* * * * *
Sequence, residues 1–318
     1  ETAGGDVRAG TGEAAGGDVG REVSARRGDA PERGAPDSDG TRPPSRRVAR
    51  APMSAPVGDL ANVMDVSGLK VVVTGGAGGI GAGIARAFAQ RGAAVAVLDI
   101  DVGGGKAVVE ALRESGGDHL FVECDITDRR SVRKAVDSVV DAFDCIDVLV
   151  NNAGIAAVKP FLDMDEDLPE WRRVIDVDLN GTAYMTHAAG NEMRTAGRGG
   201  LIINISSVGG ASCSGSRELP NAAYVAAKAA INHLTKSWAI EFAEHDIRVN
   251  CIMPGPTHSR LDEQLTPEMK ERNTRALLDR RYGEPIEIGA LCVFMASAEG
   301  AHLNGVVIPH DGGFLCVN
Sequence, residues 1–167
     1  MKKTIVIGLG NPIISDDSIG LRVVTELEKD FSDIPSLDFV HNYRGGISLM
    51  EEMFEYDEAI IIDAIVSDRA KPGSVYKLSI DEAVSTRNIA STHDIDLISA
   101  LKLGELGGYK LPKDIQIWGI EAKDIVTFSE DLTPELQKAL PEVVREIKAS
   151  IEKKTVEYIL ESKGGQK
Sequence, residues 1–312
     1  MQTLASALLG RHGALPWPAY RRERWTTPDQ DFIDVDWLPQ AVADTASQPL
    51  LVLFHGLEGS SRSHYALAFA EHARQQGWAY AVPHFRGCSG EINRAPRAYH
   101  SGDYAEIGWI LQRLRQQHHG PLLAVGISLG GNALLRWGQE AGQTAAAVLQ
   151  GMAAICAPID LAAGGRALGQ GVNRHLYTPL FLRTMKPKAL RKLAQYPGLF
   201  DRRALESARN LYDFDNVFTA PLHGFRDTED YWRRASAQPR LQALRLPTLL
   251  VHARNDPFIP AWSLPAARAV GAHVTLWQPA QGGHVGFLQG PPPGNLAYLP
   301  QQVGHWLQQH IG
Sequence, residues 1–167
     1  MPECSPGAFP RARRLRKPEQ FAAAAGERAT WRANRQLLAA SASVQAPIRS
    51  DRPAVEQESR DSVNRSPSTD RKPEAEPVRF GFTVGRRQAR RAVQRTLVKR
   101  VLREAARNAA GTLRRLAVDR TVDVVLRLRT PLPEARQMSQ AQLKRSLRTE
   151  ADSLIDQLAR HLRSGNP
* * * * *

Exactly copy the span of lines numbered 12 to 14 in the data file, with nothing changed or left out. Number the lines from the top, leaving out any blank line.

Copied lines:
   101  LKLGELGGYK LPKDIQIWGI EAKDIVTFSE DLTPELQKAL PEVVREIKAS
   151  IEKKTVEYIL ESKGGQK
Sequence, residues 1–312